The most unique and rewarding aspect of this series is that, for the most part, these books are written in an accessible but scholarly manner that will appeal to the serious film scholar or the casual movie buff. This is facilitated in large part by the diverse roster of writers that the BFI has gathered to pen these works. As expected, respected film scholars are on board (Richard Schickel’s volume on Double Indemnity, which chronicles the birth of film noir and Billy Wilder’s seminal classic, is one of the best entries, while Jonathan Rosenbaum’s dissection of Erich von Stroheim’s silent classic Greed, is a must), but other inspired choices bring a unique perspective to other film gems. Author Salman Rushdie examines The Wizard of Oz, which he writes “is a film whose driving force is the inadequacy of adults, even of good adults, and how the weakness of grown-ups forces children to take control of their own destinies… “ Citing this movie as “…my very first literary encounter..” and the work that “…made a writer out of me..” Rushdie’s critical analysis is made poignant because he touches on how it effected him personally, making it a standout in this solid series.
Inspired choices such as these set these books apart and make them well worth searching for. Radical feminist Camille Paglia examines The Birds, positing that the film’s themes are captivity and domestication which the main character, played by Tippi Hedren, fights against throughout the movie much like her avian counterparts. Filmmaker Robert Eaton calls Chinatown “the last studio picture” while examining its roots in the film noir genre, while author Simon Louvish joyfully traces the history of the classic gags that make up W.C. Fields’ It’s a Gift. No matter the author, each book is meticulously researched, contains a generous number of still and production photos and is reasonably priced ($14.95).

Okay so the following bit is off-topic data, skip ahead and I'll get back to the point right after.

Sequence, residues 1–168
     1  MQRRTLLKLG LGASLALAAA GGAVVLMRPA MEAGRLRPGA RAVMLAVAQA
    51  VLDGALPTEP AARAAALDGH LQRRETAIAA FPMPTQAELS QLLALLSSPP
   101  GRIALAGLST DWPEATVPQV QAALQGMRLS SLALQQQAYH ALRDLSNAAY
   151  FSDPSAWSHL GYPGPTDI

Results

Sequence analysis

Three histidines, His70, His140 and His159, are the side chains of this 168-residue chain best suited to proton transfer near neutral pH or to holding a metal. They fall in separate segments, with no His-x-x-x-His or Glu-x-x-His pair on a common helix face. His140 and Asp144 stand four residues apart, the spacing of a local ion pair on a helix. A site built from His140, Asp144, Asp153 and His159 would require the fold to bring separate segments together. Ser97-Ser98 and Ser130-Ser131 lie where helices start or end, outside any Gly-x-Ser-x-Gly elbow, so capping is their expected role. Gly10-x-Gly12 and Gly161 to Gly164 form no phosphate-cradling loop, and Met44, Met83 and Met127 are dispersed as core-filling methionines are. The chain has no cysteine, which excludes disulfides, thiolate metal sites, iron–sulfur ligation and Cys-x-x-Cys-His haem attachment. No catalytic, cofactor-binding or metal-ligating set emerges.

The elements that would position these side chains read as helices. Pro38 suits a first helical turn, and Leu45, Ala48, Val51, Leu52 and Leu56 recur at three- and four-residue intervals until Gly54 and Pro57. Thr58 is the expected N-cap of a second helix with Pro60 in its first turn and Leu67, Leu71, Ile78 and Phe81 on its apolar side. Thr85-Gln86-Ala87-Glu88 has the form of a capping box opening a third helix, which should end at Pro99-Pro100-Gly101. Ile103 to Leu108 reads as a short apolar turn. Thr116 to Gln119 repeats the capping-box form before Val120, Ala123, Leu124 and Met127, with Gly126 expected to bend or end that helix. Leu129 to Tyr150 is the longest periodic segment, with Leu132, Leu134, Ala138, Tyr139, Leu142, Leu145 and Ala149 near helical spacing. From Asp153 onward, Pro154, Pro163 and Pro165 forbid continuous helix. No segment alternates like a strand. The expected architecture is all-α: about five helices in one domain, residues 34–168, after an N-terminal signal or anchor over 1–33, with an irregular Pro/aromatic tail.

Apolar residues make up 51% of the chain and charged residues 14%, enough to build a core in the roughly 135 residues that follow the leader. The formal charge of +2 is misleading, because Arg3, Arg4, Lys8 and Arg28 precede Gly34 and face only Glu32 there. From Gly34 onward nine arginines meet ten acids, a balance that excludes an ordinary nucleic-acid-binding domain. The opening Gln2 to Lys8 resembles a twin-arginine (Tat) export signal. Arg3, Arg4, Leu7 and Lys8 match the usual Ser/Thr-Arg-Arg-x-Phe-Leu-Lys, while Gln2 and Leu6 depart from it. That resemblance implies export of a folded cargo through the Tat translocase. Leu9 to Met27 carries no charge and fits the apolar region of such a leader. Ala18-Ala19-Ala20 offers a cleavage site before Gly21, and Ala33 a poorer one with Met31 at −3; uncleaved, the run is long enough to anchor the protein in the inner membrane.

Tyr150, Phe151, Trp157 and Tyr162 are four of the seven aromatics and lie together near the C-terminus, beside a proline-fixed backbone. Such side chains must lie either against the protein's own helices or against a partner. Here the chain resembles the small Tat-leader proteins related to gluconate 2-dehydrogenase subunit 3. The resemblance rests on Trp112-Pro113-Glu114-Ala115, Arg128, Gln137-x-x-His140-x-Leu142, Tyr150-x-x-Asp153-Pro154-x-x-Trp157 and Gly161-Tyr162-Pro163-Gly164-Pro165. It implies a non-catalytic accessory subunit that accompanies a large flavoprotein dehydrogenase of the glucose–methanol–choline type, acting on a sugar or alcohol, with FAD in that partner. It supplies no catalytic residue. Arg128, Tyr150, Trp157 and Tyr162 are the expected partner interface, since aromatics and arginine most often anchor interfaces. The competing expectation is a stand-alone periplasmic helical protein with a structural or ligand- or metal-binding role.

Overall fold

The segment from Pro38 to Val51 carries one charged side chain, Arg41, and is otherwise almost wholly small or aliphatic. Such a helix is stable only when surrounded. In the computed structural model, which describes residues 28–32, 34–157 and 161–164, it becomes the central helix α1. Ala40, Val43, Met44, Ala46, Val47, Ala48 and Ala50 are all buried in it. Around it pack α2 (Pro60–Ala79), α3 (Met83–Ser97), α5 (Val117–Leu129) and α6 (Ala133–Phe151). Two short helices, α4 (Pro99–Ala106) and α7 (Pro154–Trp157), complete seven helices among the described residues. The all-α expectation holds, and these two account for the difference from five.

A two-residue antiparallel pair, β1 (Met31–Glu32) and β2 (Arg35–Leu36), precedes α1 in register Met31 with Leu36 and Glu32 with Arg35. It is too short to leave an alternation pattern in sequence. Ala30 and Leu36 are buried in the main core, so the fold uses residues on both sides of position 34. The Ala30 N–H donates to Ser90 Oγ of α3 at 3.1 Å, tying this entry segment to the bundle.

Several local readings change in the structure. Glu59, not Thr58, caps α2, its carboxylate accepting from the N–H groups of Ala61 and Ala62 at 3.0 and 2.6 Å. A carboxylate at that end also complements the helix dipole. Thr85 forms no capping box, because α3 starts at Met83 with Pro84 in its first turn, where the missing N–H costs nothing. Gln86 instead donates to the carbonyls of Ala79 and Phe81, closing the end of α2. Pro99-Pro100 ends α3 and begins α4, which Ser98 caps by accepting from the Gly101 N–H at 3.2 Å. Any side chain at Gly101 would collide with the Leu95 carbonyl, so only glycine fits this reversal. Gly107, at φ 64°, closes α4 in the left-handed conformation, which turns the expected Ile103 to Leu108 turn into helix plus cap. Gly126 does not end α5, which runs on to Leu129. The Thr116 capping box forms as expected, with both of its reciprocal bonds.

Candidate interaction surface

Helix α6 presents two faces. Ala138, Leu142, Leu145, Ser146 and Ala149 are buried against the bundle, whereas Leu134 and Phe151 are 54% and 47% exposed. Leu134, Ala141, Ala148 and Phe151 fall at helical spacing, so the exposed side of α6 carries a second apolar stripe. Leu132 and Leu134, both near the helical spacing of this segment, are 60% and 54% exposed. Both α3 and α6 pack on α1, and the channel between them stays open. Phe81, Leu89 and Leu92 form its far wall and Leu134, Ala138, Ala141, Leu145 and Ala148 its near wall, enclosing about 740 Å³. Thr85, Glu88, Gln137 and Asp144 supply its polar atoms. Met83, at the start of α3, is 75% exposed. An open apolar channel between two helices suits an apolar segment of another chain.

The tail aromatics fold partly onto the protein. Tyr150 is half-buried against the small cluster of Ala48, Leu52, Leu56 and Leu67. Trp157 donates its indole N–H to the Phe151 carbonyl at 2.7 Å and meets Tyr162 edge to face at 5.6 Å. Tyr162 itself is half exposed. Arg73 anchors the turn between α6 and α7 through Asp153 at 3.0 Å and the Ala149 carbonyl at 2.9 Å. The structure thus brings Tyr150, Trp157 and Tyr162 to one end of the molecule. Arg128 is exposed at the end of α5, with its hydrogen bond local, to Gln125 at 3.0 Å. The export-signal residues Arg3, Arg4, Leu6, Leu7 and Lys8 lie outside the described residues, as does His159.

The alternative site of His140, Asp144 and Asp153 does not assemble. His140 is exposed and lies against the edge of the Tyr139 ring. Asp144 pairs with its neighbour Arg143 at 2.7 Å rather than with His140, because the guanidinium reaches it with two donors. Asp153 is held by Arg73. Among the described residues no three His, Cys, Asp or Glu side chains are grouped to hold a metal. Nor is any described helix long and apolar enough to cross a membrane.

Unlike the AFI, the BFI has set the standard for film preservation and scholarship by undertaking the 360 Classic Feature Films project and publishing these books. They also haven’t been afraid to change with the times, as the Film Classics series now includes volumes devoted to films not included on the original list, giving the project a sense of relevancy. Having published 48 separate volumes under the BFI Modern Classics label, the organization had recognized the limitations of its original list by issuing volumes on current classic such as Unforgiven and The Thing. However, that series has been under the Film Classics umbrella to give the whole enterprise a more coherent feel.
By making film history accessible to the masses with these handsome, affordable and highly-readable volumes, this organization continues to prove that they’re serious about fostering cinema education in the hopes that future generations will recognize the value of this medium and take steps to preserve it. Hopefully, the AFI will eventually take note of the steps their counterpart is taking and institute a similar program, rather than just providing the American public with suggestions about what to rent on a Saturday night.
More information about the BFI Film Classics series can found at: